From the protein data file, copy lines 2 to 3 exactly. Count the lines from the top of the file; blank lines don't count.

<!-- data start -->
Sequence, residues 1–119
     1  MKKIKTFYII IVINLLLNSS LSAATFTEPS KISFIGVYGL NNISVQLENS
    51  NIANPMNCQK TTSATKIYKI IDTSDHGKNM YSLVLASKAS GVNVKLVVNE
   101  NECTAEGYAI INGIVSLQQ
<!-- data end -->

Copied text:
     1  MKKIKTFYII IVINLLLNSS LSAATFTEPS KISFIGVYGL NNISVQLENS
    51  NIANPMNCQK TTSATKIYKI IDTSDHGKNM YSLVLASKAS GVNVKLVVNE